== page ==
after a brief period of persian rule in the early 7th century, six years after the death of the prophet muhammed in 638 ad, jerusalem is taken by muslim caliphs, and the dome of the rock is completed in 691 ad. jews are allowed to trickle back into the city under a more tolerant islamic rule, until the brutal egyptian fatamids destroy all synagogues and churches in 1010 ad, passing on their intolerance to the conquering seljuk turks. in 1095 ad, the rumor of closing trade routes unleashes king godfrey's wrath upon the islamic world, and with the zeal of crusaders like richard the lion hearted, a ferocious religious war is foisted upon the holy land until the christians capture jerusalem in 1099 ad. for their next 90 years of control, the christians slaughter muslims and jews alike, desecrating and destroying all non-christian sites of worship.


in 1187 ad, the fabled muslim savior salah ad-din (saladin) successfully (and somewhat mercifully) expels the city's christian occupants, and under his ayyubid muslim dynasty and the subsequent mamluk rule from the 13th-15th century, jerusalem again becomes home to both muslims and jews, enjoying a thriving revival of islamic scholarship. in 1516 jerusalem surrenders to the powerful ottoman turks, and in 1537 emperor sulieman the magnificent begins the reconstruction of the city and rebuilds its still-standing walls of fortification. ottoman rule lasts 400 years until 1917, when the city falls without resistance to the british army. whereas religious tolerance has been accepted or demanded during the long-standing ottoman rule, testy and immediate conflict between arabs and jews breaks out into repeated acts of violence during the messy british mandate between the two world wars.

by 1948, britain evacuates troubled palestine, and the newly formed united nations divides it between jewish and arab states, leaving jerusalem an international city. the jews accept this division, the arabs vehemently do not. the consequent bloody “war of independence”, during which jordan destroys the captured jewish quarter of the old city, but the jews prevail, results in the establishment of a new jewish state of israel and a precarious new division of the city into jordanian and israeli sectors. this partition lasts nearly two decades until the “six day” war of 1967, when king hussein's jordanian forces are permanently ousted from the city, and israel captures east jerusalem, tearing down the walls of separation and declaring the newly unified city its "eternal" capital.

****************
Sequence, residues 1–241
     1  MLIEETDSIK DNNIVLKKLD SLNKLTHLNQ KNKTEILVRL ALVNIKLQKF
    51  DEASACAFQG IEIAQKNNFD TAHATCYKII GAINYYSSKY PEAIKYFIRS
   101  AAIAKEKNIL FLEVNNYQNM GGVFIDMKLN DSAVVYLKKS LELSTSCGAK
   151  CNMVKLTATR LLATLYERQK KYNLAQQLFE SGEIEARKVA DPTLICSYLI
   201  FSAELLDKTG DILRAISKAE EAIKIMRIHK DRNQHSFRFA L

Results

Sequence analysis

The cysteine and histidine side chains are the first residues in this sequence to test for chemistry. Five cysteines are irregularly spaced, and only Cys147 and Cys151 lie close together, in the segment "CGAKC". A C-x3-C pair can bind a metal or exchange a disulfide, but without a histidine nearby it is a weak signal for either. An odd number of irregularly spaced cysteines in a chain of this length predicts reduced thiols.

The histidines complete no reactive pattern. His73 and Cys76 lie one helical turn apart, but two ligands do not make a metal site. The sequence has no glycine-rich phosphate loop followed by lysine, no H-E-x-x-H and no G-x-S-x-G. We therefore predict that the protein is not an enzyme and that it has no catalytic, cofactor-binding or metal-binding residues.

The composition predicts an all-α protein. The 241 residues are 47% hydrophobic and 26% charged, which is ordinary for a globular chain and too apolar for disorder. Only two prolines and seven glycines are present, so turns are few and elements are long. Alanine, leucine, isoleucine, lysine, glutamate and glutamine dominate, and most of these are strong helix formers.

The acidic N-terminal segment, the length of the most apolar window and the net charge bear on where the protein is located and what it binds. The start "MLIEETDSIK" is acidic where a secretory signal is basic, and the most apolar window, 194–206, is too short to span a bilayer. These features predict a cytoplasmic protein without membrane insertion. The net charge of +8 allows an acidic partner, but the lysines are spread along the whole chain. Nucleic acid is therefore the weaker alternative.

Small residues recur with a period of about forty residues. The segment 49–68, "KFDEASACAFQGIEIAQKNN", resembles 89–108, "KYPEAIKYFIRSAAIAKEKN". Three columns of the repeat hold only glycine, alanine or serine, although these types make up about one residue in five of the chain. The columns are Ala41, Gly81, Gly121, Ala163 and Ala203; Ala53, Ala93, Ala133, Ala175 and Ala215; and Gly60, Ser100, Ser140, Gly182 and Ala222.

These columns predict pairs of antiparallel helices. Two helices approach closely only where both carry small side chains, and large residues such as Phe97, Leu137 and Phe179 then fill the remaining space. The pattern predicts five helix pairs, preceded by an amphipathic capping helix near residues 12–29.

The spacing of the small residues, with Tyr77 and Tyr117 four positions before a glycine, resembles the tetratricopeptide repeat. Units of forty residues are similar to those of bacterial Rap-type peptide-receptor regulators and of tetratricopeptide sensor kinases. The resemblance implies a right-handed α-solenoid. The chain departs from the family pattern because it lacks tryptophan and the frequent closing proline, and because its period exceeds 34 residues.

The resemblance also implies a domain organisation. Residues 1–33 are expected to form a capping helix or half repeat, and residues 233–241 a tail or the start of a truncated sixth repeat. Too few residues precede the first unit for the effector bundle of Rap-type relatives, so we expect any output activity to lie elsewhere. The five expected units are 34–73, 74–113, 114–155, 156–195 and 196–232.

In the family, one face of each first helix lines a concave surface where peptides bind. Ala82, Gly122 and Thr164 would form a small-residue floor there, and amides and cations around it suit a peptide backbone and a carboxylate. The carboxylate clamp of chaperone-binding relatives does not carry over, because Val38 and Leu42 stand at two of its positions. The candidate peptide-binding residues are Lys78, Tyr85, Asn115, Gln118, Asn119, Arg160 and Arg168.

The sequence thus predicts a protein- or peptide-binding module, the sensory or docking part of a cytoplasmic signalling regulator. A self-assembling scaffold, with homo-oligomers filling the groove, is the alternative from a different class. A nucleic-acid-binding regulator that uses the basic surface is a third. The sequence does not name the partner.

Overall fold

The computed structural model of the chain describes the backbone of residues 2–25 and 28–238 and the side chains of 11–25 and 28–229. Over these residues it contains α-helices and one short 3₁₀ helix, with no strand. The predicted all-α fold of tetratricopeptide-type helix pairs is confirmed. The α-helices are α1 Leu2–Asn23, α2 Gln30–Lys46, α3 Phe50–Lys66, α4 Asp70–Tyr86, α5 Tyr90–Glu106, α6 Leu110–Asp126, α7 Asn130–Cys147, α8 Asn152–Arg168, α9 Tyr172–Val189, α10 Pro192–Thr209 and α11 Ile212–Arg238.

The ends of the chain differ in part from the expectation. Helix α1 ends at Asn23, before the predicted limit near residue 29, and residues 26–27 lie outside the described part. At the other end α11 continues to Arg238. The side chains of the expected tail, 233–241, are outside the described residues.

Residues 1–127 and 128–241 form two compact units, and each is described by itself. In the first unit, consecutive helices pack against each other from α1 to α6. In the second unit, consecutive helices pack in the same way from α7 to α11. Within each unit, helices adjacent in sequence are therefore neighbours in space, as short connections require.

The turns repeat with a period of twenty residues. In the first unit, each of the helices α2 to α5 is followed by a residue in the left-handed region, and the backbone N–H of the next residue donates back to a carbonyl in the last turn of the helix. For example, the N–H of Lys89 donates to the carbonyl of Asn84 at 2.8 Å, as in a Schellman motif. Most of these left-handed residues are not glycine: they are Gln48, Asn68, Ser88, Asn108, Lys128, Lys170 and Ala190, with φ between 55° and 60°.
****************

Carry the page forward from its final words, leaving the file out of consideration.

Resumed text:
the “yom kippur war” of 1973, israel's conflict with syria and its subsequent annexation of the golan heights in 1981, the intifada of 1987, long-term israeli occupation of southern lebanon, and the ongoing unresolved state of palestinian sovereignty, these continued problems and conflicts persist in coloring and constructing the history of the "eternal" city.

no one knows what the future may bring. some think that the troubled city's three millennia history of discord and strife bode only poorly for a peaceful and shared settlement. others, mr. barak, mr. clinton, ordinary peace-loving christians, muslims and jews, continue to pray and believe in a more optimistic settlement. me? i'm just an accidental tourist - not a mediator or prognosticator. i graze with camels and observe. i too, wish for peace. but my visit to this historic museum of mideastern civilization and its discontent does not give me a lot of heart…

to be continued....

pictures were collected from various file pages on the web.